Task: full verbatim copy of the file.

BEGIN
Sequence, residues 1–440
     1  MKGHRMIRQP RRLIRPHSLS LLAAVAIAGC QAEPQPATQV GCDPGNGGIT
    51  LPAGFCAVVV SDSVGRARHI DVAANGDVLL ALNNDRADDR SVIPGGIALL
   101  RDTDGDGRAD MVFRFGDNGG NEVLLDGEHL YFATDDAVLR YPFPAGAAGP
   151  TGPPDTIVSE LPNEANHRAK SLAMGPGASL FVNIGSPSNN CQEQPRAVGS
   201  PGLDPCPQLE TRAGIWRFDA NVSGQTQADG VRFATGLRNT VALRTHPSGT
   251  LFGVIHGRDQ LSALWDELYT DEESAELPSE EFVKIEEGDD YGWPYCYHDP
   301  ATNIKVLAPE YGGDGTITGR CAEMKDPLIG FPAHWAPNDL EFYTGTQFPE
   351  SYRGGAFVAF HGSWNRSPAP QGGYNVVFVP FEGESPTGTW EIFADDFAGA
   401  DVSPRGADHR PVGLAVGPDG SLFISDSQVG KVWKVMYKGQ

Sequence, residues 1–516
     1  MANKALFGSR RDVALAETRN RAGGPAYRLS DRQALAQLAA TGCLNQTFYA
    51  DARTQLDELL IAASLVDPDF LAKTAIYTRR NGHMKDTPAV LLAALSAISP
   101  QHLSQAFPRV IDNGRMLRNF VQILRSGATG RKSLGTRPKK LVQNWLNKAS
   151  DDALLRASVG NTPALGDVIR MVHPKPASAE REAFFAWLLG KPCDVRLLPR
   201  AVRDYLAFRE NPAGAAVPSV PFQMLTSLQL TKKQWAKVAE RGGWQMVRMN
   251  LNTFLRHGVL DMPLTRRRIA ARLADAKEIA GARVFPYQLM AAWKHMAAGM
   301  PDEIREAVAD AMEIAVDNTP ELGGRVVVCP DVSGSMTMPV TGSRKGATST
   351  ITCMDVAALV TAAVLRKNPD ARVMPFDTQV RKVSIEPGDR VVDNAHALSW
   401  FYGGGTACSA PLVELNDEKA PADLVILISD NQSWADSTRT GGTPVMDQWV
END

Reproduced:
Sequence, residues 1–440
     1  MKGHRMIRQP RRLIRPHSLS LLAAVAIAGC QAEPQPATQV GCDPGNGGIT
    51  LPAGFCAVVV SDSVGRARHI DVAANGDVLL ALNNDRADDR SVIPGGIALL
   101  RDTDGDGRAD MVFRFGDNGG NEVLLDGEHL YFATDDAVLR YPFPAGAAGP
   151  TGPPDTIVSE LPNEANHRAK SLAMGPGASL FVNIGSPSNN CQEQPRAVGS
   201  PGLDPCPQLE TRAGIWRFDA NVSGQTQADG VRFATGLRNT VALRTHPSGT
   251  LFGVIHGRDQ LSALWDELYT DEESAELPSE EFVKIEEGDD YGWPYCYHDP
   301  ATNIKVLAPE YGGDGTITGR CAEMKDPLIG FPAHWAPNDL EFYTGTQFPE
   351  SYRGGAFVAF HGSWNRSPAP QGGYNVVFVP FEGESPTGTW EIFADDFAGA
   401  DVSPRGADHR PVGLAVGPDG SLFISDSQVG KVWKVMYKGQ

Sequence, residues 1–516
     1  MANKALFGSR RDVALAETRN RAGGPAYRLS DRQALAQLAA TGCLNQTFYA
    51  DARTQLDELL IAASLVDPDF LAKTAIYTRR NGHMKDTPAV LLAALSAISP
   101  QHLSQAFPRV IDNGRMLRNF VQILRSGATG RKSLGTRPKK LVQNWLNKAS
   151  DDALLRASVG NTPALGDVIR MVHPKPASAE REAFFAWLLG KPCDVRLLPR
   201  AVRDYLAFRE NPAGAAVPSV PFQMLTSLQL TKKQWAKVAE RGGWQMVRMN
   251  LNTFLRHGVL DMPLTRRRIA ARLADAKEIA GARVFPYQLM AAWKHMAAGM
   301  PDEIREAVAD AMEIAVDNTP ELGGRVVVCP DVSGSMTMPV TGSRKGATST
   351  ITCMDVAALV TAAVLRKNPD ARVMPFDTQV RKVSIEPGDR VVDNAHALSW
   401  FYGGGTACSA PLVELNDEKA PADLVILISD NQSWADSTRT GGTPVMDQWV